Asia has topped the Fitch Solutions’ latest E-Commerce Index, with Southeast Asia in particular the “market to watch” with the sub-region attracting increasing investment from Chinese players, according to a Fitch Solutions report.
The report projected that e-commerce sales in emerging Southeast Asia (Philippines, Vietnam, Thailand and Indonesia) will grow by 15 per cent per annum over the medium term. While e-commerce is developing from a low base, investors will benefit from first mover advantage, it said.
The market is increasingly being contested by the Chinese e-commerce giants Alibaba and JD.com. Alibaba’s Lazada has not only focused on Indonesia, but has operations in Philippines, Thailand and Vietnam. As for JD.com, it has also sought to develop its footprint, with investments in Pomelo Fashion and Go-Jek.
The report highlighted Malaysia as having the strongest growth in the region. It is currently a relatively small e-commerce sales market, with just US$8.3 billion worth of sales projected in 2019, ranking it eighth regionally in the E-commerce Index behind Indonesia, the largest market in South East Asia.
Developing from a lower base, however, the country is on track to post the strongest growth in the region over Fitch Solutions’ forecast period (2018-2022) at 20 per cent, a growth trajectory that will see e-commerce sales in Malaysia rise to a projected US$12.9 billion in 2022.
“In the short term consumer spending in Malaysia is being aided by policies introduced by the new Pakatan Harapan with the re-introduction of the less broad-base sales and service tax (SST) following a three month tax holiday as well as increasing minimum wages,” said the report.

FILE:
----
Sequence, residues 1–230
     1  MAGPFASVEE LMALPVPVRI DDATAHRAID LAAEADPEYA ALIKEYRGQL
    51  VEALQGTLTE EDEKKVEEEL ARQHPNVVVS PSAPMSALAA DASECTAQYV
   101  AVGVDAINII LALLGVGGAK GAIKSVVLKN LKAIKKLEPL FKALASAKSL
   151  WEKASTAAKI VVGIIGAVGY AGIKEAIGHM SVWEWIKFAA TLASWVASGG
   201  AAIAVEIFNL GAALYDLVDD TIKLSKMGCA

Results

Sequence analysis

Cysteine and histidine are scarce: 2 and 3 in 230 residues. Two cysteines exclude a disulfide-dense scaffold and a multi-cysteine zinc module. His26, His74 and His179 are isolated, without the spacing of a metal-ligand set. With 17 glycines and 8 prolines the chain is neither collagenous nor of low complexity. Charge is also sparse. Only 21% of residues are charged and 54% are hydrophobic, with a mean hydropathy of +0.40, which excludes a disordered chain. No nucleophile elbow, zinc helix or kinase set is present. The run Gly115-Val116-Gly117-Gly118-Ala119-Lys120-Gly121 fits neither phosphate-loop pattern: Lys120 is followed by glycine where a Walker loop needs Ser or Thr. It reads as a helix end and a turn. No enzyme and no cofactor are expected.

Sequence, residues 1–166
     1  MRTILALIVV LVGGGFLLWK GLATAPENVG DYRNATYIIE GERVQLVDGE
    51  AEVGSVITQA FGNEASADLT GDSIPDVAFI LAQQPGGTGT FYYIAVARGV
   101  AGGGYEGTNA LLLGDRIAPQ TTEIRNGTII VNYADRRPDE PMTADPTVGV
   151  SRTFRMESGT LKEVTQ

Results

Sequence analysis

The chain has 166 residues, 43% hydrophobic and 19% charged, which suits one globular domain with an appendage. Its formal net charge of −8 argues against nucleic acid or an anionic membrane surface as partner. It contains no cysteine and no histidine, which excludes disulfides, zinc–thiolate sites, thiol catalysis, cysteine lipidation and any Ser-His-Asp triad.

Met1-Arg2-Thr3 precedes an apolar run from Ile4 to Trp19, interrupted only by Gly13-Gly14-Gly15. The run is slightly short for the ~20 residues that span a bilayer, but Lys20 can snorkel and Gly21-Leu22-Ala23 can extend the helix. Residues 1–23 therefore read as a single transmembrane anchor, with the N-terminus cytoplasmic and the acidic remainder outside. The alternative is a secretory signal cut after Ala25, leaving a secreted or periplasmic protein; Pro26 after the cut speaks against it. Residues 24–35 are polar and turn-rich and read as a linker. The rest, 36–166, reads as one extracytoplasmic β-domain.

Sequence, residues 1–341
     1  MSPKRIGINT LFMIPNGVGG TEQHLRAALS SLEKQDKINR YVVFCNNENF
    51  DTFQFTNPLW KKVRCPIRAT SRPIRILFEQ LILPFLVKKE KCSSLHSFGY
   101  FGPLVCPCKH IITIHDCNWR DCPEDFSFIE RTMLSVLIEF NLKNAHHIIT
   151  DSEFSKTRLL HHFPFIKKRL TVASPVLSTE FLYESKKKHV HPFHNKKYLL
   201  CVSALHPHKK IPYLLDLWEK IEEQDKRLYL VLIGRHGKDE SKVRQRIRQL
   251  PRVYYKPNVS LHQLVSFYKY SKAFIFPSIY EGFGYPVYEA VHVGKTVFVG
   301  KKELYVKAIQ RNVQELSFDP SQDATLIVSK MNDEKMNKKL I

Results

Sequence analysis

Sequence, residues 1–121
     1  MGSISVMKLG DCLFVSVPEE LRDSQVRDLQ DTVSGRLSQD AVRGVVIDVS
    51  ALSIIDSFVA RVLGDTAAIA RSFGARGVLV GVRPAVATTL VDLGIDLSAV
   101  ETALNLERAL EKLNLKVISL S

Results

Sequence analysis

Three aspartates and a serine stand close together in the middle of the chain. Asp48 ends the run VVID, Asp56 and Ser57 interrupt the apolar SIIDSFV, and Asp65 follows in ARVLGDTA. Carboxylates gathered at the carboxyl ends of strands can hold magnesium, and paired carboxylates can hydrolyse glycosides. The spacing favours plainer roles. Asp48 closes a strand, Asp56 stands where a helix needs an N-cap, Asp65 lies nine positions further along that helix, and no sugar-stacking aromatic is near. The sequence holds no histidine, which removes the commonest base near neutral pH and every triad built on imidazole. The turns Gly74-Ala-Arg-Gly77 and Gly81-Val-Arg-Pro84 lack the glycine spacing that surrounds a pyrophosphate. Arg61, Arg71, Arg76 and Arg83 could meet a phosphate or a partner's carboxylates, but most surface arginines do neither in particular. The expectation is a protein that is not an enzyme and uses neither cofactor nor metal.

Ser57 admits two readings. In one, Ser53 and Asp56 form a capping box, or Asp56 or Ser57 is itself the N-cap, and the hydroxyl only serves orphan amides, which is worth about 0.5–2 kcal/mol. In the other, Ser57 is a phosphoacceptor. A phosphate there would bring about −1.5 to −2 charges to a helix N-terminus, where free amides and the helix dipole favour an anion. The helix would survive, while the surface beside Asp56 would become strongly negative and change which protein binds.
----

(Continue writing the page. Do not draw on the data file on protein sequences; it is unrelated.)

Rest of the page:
E-commerce demand in Malaysia is set to be driven by the large percentage of young consumers, with 36 per cent of the population falling into the young adult age group. E-commerce majors already have the country on their radar, with Alibaba setting up a 'Digital Free Trade Zone' in the country in February 2018. The initiative is designed to make cross-region shipments more affordable for Malaysian small- and medium-sized companies – the majority of businesses in the country.
A core element of the scheme is an electronic world trade platform (eWTP) which is designed to ease trade between Malaysian and Chinese firms. The virtual platform, due to take effect in 2019, will connect businesses, manage cargo authorisations and assist on customs.
As for Southeast Asian markets as a whole, the report flagged that the developed e-commerce market of Singapore can act as a base of operations to then springboard into the region.
US e-commerce giant Amazon is testing this strategy, launching its first service Amazon Prime Now in Singapore in July 2017, a move that not only enables it to break into Singapore’s high value e-commerce sector, but also offers it a base from which it can explore other opportunities in Southeast Asia.
Other major e-commerce players like Alibaba have also increased their investment in Singapore and have used their existing operations in the country to launch offerings into other markets in South East Asia.
Alibaba raised its stake to 14.4 per cent, from 10.2 per cent, in Singapore's national postal company SingPost, which offers dedicated logistics and delivery services across Southeast Asia. Internet-related services and products company Tencent invested US$550 million in Singapore online gaming and e-commerce firm Sea, previously known as Garena. Sea is looking to expand into the fast-growing Indonesian e-commerce market by building infrastructure in the country.